According to Pagdilao and Querijero (1993), the major tuna fishing grounds for both the municipal and commercial fisheries are the Moro Gulf, Sulu Sea, Bohol Sea, Batangas Bay, Visayan Sea, Ragay Gu and Tayabas Bay. Unpublished BAS data show the catches by species in both the municipal and commercial fisheries in 15 regions of the country. According to those data, in 2002 Region 4 (near Palawan) and Region 9 (near Zamboanga) produced the greatest municipal and commercial catches, respectively, of yellowfin, bigeye and skipjack. One of the factors that contribute to the south being a productive area is the favourable weather, including the absence of monsoon conditions.

Municipal tuna fishing

The Philippine Fisheries Code of 1998 defines municipal fishing as "fishing within municipal waters using fishing vessels of three GRT or less, or fishing not requiring the use of a fishing vessel".

Handlining produces most of the catch of the principal market species. Barut (2003) estimates that there are around 10 000 municipal tuna handline boats, commonly referred to as "pump boats", many of which have grown out of the municipal size category. Williams (2002) indicates that the handline fleet based in General Santos city, which is the largest such fleet in the Philippines, catches about 10 000 tonnes per year. BFAR and industry officials estimate that about two-thirds of the catches of the principal market species are made by handlining. If it is assumed (as done above) that the municipal catch of principal market species is about 100 000 tonnes per year, then handlining is responsible for some 70 000 tonnes annually.[36] Both industry and BFAR sources agree that about one-third of the handline production of yellowfin and bigeye is exported fresh, with most of the large non-sashimi handline tuna for processing into smoke or carbon monoxide-treated "loin" products for export to the United States and the European Union. The Moro Gulf typically produces larger handline-caught tuna than does the Sulu Sea. BFAR sources indicate that many, if not most, of the FADs in the country have handliners working from them.

Other important municipal tuna fishing gears are gillnets and small ringnets. Both of these gears catch many species, especially small tunas, in addition to the principal market species of tuna. According to government officials, these two gear types account for about a quarter of the municipal landings of the principal market species, or about 25 000 tonnes per year. It should be noted that the ringnet fishing vessels in this category are "baby ringnet" vessels, as the regular ringnet vessels are much larger, with an average size of about 35 GRT, and therefore are considered to be in the commercial category.

Much lesser amounts of the principal market species of tuna are caught by "mini-longlining" and trolling. Mini-longlining is confined largely to the Palawan area, while trolling (often by un-motorized vessels) is common around Mindanao and in the Visayan Sea.

Other than the estimate of 10 000 handliners given above, little information is available on the number of vessels participating in municipal tuna fishing. Some data exist from the licensing system, but because there are locations in which most of the vessels are not registered, it is not possible to estimate sizes of the fleets from licensing data. BFAR officials report, however, that an inventory of vessels has recently commenced.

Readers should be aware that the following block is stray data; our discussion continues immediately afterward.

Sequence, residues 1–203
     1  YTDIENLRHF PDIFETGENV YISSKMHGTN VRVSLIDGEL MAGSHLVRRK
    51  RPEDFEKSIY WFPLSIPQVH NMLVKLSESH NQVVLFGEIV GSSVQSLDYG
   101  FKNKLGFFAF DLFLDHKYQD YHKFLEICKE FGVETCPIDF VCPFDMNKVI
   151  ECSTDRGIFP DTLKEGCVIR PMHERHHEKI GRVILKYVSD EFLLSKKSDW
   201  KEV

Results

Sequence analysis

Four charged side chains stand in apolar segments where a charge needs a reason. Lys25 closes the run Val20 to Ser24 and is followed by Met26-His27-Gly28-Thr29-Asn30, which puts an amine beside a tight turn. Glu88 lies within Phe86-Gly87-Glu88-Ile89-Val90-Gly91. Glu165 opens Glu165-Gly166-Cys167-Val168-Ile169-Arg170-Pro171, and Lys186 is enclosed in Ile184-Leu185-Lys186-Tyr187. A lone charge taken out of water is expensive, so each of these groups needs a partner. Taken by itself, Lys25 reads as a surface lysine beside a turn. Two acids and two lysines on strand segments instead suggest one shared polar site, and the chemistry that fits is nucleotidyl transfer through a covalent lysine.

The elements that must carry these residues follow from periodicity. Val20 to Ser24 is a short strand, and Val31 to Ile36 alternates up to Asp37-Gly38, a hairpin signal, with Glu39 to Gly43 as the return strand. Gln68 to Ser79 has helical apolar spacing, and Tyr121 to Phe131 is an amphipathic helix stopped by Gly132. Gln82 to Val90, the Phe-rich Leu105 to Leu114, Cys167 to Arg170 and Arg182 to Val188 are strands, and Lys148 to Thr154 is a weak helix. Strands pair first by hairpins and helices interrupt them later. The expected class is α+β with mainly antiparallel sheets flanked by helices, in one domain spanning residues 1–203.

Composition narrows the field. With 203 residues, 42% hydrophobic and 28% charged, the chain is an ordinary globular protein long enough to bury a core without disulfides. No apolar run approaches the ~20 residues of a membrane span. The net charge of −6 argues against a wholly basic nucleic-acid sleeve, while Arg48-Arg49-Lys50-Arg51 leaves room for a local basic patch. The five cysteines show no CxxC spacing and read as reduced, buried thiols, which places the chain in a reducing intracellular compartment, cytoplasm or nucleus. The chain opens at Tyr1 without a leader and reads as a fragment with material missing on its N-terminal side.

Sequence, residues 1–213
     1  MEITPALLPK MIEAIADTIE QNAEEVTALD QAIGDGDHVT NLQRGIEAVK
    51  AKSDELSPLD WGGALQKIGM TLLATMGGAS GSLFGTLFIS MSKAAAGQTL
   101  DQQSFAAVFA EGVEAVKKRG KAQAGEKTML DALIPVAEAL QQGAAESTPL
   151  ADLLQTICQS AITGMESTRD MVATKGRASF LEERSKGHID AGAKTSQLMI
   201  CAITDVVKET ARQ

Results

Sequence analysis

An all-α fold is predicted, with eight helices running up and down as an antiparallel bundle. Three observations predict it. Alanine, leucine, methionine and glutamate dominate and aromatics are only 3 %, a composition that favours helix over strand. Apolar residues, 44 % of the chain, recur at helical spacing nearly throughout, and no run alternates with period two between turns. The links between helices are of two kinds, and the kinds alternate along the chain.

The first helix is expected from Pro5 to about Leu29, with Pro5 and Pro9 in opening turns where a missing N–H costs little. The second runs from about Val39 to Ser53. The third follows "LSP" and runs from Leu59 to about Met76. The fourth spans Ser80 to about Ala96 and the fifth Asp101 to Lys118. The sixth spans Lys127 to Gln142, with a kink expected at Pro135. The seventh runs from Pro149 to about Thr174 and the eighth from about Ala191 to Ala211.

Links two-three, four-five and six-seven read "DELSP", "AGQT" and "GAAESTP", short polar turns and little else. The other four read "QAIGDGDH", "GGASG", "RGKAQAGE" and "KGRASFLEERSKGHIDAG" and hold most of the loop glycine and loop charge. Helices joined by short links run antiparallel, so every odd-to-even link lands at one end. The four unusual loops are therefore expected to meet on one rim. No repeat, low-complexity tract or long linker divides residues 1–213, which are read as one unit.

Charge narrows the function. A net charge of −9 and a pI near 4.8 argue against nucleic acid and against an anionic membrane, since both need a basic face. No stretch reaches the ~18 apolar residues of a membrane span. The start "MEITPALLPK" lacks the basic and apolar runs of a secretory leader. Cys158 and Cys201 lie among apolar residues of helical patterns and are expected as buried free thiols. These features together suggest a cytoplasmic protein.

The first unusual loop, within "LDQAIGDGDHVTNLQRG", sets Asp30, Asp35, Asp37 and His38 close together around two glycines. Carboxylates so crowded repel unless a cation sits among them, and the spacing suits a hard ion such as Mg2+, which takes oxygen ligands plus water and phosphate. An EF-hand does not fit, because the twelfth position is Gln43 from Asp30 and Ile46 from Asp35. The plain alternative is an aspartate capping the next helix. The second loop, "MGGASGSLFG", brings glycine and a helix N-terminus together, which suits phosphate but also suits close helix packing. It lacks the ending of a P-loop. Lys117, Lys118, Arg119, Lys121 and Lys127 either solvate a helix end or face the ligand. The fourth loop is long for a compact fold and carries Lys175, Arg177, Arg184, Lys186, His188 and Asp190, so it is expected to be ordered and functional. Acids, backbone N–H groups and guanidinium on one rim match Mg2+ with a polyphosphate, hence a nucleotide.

Commercial tuna fishing

The Philippine Fisheries Code of 1998 defines commercial fishing as "fishing for trade, business, or profit beyond subsistence or sport fishing". It has three categories: (1) small-scale commercial fishing, using vessels from 3.1 GRT to 20 GRT; (2) medium-scale commercial fishing, using vessels from 20.1 GRT to 150 GRT; and (3) large-scale commercial fishing, using vessels of more than 150 GRT. Commercial fishing boats are not allowed to fish within 15 km of the shoreline.

As indicated above, the estimated landings of the principal market species given by the BAS system are thought to be too low, with BFAR and industry indicating that the annual total is actually between 180 000 and 200 000 tonnes.

The commercial category encompasses a huge variety of fishing operations, ranging from ring netting from 3.1 GRT vessels to purse seining by large purse seiners with carrying capacities in excess of 1 000 tonnes. Industry representatives indicate that they classify the tuna-fishing operations mainly by carrying capacity. The various types of operations can be grouped for the purpose of this report into two categories: industrial and semi-industrial.

Industrial:

Semi-industrial:

Industry sources say that the industrial category above is responsible for about 75 percent of the catch of the principal market species, or about 140 000 tonnes of tuna. The fleet is made up of about 150 purse seiners, including "less than ten vessels" with carrying capacities of more than 1 000 tonnes.

In accordance with the above industry information, the semi-industrial category should be responsible for 25 percent of the commercial catch, or about 50 000 tonnes of yellowfin, bigeye and skipjack per year.

Barut (1996) used a different classification. He indicated that for 1993 and 1994 the ratio of purse-seine catches (all vessel sizes) to ring net catches was about 85:15. This is not remarkably different from the above industry information.

Other features of commercial tuna fishing in the Philippines:

Other sources of information

BFAR (2003); Republic of the Philippines (1999); Thomas, F. (1999).

Personal communication:

Appendix 9 - Notes on tuna fishing in Indonesia

General